Not many people left “home alone” would be getting up at 05.00 to do extra work if they didn’t have to, especially when it’s only three degrees centigrade. Then, not many people get to walk as their day job.
The morning’s walk was made even better by the fact that I led again. It was a very chilled out walk, this time we got a drop off at Reed Buck Vlei, we then explored the south side of Nwambi Pan before crossing the Salvadora plains to make our rendezvous on Middle Road.
After a 10k run and a spot of lunch we headed up to the Sandveld for a sleep out. A month or two ago I’d visited the cave paintings and promised myself I’d make it back there to camp to experience the bushman’s* home for myself. I’m so grateful for the guys agreeing to the location, now all the remained for me to do was to get them there. Not an easy prospect given my sense of direction.
We parked at the junction of Lanner Drive and Caracal Link, then it was a case of simply following the arrow on the GPS to our destination. But nothing is ever that simple, especially as the technology isn’t sophisticated enough to show the various gorges along the way.
Unfortunately I knew we needed to cross a gorge, unfortunately I didn’t know there were several in the area. As soon as I saw an opportunity to cross the gorge I jumped at the chance. However, what I should have done was carry on along the path and cross it at a later point. What this meant was that we in fact had to cross an additional gorge. The silver lining, there’s always a silver lining if you look hard enough, was this new gorge was stunning and we’d now been to some places that man may never have walked before.
Regardless of the slight detour we got to the cave paintings in good time. Setting up camp was not onerous at all, it was just a case of picking where you wanted to sleep, then laying out your bed roll and sleeping bag. I chose to sleep under the overhang of the cave so I could look up at the rock paintings to really soak in the experience.
We collected wood for a small safety fire, the only purpose of which was to warn off any dangerous game that became too curious. It didn’t take long to collect firewood as we didn’t need much, there was plenty of fallen Lebombo iron wood (Androstachys johnsonii) and silver cluster leaf (Terminalia sericea) to choose from.
Once we’d collected the wood we then got down to the task of making fire by friction, to do this we used a corkwood (Commiphora) baseplate and drill. We also collected dry grass to move the flames from the drill site to the fire place and some dry elephant dung to ignite when we’d created an ember. With five of us taking it in turns to power the drill it didn’t take long before the fire was lit.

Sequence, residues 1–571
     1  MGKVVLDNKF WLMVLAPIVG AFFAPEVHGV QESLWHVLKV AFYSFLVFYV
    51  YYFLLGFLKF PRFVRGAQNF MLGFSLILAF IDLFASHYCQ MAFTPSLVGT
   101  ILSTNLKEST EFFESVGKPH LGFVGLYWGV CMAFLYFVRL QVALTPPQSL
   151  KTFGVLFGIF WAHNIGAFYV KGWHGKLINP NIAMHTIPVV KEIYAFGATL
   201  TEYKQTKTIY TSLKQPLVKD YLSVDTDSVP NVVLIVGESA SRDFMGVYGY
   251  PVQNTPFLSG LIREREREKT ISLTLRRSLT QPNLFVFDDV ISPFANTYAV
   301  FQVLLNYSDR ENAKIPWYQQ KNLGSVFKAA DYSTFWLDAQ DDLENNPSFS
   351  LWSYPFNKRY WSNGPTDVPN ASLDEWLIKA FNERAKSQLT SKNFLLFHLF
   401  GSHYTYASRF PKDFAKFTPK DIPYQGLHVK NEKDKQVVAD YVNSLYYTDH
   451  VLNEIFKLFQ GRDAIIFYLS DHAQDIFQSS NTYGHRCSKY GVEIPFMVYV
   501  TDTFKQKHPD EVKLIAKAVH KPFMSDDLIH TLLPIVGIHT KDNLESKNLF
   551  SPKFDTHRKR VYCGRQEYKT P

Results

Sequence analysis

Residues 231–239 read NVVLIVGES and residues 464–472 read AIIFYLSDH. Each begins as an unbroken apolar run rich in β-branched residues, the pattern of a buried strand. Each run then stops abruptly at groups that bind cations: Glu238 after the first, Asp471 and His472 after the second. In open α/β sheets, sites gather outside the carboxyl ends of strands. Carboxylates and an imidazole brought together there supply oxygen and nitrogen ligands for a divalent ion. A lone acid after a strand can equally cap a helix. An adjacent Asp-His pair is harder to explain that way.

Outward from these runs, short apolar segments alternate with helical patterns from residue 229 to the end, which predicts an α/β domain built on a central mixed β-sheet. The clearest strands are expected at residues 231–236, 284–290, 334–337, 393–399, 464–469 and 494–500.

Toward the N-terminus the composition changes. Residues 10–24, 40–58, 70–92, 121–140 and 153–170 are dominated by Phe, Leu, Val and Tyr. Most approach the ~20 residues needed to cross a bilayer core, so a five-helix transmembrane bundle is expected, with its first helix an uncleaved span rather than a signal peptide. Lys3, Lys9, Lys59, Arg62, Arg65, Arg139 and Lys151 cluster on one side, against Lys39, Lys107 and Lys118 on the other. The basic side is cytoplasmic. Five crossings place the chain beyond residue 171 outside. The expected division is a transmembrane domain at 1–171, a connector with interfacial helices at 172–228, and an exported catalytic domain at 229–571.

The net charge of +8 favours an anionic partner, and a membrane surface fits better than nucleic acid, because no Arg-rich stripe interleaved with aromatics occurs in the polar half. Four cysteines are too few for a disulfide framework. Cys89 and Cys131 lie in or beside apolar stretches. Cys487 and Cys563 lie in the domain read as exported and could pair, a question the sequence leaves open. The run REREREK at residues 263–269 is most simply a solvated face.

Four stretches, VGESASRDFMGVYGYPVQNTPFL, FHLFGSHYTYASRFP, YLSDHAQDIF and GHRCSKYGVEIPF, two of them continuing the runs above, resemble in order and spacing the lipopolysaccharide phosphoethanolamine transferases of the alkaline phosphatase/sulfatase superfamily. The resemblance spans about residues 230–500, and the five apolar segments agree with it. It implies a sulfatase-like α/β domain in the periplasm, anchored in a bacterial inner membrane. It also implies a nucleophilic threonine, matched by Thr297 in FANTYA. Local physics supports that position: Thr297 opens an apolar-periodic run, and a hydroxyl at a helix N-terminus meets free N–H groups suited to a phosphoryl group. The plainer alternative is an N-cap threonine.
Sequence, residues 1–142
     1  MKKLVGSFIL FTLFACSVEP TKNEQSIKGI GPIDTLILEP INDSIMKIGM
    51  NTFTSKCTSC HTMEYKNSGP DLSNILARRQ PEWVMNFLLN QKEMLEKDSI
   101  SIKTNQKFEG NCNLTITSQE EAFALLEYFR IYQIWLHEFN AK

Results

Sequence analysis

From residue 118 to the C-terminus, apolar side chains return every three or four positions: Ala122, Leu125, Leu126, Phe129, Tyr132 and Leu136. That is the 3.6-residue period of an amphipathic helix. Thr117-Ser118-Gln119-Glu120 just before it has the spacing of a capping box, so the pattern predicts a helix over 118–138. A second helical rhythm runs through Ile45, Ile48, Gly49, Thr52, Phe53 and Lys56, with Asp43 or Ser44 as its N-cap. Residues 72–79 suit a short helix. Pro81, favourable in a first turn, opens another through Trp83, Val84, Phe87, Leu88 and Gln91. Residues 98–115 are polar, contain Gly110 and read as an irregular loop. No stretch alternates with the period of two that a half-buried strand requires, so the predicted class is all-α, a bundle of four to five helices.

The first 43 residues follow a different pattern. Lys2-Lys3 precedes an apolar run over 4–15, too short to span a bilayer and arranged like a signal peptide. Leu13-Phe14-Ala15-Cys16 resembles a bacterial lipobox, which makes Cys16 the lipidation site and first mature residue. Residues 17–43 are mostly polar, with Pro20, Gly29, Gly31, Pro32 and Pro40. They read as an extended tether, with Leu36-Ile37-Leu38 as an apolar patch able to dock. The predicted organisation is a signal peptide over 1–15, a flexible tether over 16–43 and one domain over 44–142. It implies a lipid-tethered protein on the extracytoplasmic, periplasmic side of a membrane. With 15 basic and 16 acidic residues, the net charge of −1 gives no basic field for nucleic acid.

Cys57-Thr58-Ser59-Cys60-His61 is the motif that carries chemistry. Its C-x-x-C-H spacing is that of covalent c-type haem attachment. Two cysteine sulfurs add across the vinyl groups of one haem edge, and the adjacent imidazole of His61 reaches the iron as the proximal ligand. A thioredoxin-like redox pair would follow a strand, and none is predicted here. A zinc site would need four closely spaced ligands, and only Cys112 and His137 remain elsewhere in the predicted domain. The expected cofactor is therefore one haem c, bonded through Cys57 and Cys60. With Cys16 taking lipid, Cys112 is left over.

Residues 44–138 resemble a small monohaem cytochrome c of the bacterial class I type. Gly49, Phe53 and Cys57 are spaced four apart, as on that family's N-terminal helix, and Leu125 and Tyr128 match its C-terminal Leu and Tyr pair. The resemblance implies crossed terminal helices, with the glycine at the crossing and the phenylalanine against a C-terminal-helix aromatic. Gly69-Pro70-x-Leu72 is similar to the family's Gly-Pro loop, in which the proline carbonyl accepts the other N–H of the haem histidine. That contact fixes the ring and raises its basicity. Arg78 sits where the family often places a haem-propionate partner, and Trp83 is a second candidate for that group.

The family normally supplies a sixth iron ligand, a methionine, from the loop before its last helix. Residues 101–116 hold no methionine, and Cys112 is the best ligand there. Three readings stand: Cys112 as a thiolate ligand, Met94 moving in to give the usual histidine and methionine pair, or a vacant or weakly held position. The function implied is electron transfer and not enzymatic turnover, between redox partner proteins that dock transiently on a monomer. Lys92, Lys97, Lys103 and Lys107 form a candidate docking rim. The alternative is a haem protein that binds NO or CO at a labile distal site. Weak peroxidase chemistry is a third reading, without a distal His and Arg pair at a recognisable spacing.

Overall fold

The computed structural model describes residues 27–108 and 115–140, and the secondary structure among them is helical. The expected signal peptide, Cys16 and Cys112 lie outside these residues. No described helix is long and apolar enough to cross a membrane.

Once the fire was up and running I sat sat up on the ridge to enjoy the view in the last of the light. It was incredibkly quiet other than a brown-hooded kingfisher, a natal spur-fowl, the chatter from around the fire and the distant roar of the Luvuvuh River.
Dinner was cooked over a gas stove, then after a cuppa it was to bed. We’d worked out shifts, the first started at 21.00 for an hour and three quarters. When I retired to my cave for the night I left my rifle with the watch. What a great place I’d picked to sleep, actually I should say, what a great place the bushmen had picked to sleep all those years ago. As I looked up from my bed I could see both the cliff face and too my left the night sky which reminded me of an extract from T V Bulpin’s Ivory Trail, “It was a cool evening that tempted one to accept the Africa mythology of the night, that darkness is but the blanket of the sun. Each night he draws the blanket over himself when he goes to rest; but because it is so old it is full of moth holes, and so the stars come shining through”.
I’ve been on a few of these sleep outs now, I’ve come to learn that once you accept that you’re not going to have a perfect nights sleep you end up sleeping quite well, all things considered.